Transformation requires bold, intentional action
It is a critical element for economic growth and a more equitable society
For any transformation strategy to really work it must be rooted in a passion for one's sector and a commitment to strengthening equality and the growth of local businesses.
If a business still views this as an exercise in ticking boxes, it won’t work: bold steps must be taken.
Transformation must touch everything a company does – from how it invests in society to how it partners with businesses. It must be an intentional and deliberate value system that is encapsulated across the business and inspires changes to its culture and leadership. It needs to examine a company's ability to become more agile and adaptable to change.
A commitment to transformation – from an equality, diversity and inclusion perspective - not only enables business to stay competitive, but allows them meet customer needs, and attract and retain talent. Many companies still view it as merely part of their social responsibility strategy, but this is short-sighted.
If they want to make any real impact, transformation initiatives must incorporate women empowerment, employment equity, skills, supplier and enterprise development, and their environmental, social and governance framework.
This means taking transformation into the boardroom and being intentional. Without this, transformation as a concept will not have an impact on one's sector or the economy. By embracing transformation in its entirety, businesses can help create a more equitable and resilient society.
Compliance is one aspect here, but it shouldn't be viewed as a performance scorecard to eliminate disparities, but rather in a sustained manner to improve outcomes for everyone.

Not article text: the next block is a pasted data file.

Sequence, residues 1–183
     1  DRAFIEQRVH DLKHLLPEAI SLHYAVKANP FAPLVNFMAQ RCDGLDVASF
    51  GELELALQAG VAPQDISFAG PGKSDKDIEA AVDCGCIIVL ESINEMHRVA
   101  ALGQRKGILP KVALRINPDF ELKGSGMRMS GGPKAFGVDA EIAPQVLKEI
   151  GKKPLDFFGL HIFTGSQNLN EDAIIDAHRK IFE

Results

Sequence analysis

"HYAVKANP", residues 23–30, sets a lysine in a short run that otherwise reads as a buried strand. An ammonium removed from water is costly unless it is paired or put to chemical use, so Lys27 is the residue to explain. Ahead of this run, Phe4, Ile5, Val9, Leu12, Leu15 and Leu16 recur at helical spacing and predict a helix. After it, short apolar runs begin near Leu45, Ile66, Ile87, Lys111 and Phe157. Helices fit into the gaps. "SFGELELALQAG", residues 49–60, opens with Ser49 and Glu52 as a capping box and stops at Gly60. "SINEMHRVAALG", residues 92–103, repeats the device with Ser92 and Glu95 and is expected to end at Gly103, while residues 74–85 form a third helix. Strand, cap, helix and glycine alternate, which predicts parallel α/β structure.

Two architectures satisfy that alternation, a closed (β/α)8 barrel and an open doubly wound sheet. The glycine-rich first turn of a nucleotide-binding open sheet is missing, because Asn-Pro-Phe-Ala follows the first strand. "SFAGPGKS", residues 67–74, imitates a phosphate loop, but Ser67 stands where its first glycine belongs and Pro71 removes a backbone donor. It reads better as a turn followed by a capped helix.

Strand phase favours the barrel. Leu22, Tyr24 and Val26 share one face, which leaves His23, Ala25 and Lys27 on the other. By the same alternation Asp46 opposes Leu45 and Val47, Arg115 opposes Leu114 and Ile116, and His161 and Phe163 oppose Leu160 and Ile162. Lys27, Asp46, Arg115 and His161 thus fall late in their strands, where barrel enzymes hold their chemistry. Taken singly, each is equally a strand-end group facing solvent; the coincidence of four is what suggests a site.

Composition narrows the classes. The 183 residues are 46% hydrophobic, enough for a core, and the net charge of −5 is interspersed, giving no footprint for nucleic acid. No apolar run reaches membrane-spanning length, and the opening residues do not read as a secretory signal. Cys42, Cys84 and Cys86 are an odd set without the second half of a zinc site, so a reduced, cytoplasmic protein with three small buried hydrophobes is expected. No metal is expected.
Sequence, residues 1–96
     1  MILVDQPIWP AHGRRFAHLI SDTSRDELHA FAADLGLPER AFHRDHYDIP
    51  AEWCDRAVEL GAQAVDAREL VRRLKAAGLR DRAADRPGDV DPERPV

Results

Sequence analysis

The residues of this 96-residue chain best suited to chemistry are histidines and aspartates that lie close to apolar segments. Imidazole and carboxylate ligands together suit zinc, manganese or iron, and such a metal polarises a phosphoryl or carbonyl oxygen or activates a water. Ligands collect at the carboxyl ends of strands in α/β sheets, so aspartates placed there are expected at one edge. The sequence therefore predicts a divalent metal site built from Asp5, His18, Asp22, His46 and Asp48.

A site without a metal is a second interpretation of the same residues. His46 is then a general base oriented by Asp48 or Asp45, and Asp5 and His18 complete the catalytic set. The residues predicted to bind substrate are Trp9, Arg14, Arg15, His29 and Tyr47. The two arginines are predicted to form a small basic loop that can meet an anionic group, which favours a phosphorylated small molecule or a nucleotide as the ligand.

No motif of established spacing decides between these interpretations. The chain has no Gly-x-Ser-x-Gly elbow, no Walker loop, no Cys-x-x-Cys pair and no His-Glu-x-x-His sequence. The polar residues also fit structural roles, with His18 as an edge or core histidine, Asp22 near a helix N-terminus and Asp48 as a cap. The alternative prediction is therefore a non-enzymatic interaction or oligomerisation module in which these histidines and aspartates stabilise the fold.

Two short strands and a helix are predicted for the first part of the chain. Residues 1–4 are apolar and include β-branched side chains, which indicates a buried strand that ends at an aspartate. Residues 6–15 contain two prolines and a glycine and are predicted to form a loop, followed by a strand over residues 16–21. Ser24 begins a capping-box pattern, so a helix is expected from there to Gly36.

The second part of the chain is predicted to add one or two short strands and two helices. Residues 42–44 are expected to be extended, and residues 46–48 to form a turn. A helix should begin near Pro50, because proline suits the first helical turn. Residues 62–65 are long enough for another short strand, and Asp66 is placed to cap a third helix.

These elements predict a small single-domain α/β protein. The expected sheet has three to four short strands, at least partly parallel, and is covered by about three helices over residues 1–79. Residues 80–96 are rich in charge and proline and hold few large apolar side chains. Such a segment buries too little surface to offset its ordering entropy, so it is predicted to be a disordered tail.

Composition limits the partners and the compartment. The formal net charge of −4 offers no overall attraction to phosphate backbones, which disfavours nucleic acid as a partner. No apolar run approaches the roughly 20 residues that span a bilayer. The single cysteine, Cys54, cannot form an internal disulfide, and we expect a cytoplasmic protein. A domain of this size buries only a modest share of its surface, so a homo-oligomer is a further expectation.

By embracing transformation in its entirety, businesses can help create a more equitable society
While many businesses are examining ways to improve their policies, practices, systems and structures, are they also examining and prioritising measurable change in the lives of their employees and those of society?
Are companies committed to finding ways to benefit future generations, while driving revenue growth?
Liberty Two Degrees (L2D) was recently awarded a level 1 BBBEE status and, while we are proud of this recognition, this status was achieved because we changed the narrative of the business, ensuring that everything we did was, and is, underpinned by diversity, equity and inclusion.
We also recognised that we could not do this alone. L2D has always believed that real change can only be undertaken when your team, partners and suppliers are united in challenging stereotypes and confronting bias.
All of which has meant making an active effort to promote, employ and encourage talent when we see it in our circles and in the property sector.
However, to really embrace transformation, social equity is just as important. Social equity doesn't just mean understanding what your corporate social investment strategy is, but operating in a socially responsible manner, where a business considers the impact of its actions on all stakeholders - including employees, customers, suppliers and the community.
We need to change the narrative of business, and the sectors in which we operate, to include a framework of equity and transformation that includes sustainable and inclusive economic growth.
The UN sustainable development goals (SDGs), which L2D has aligned itself with, speaks to how companies can contribute meaningfully towards real transformation and equity.
The SDGs recognise that ending poverty and other deprivations must go together with strategies that improve health and education, reduce inequality, and spur economic growth – all while tackling climate change.
With an iconic portfolio of SA assets and as a business that continues to create experiential spaces to benefit future generations, L2D’s transformation strategy is rooted in a passion for property and a commitment to strengthening equality and the growth of local businesses in SA.
We will continue to take bold steps, walk a concerted transformation path and explore new opportunities that drive sustained transformation, inclusive economic participation and growth.
This article was sponsored by Liberty Two Degrees.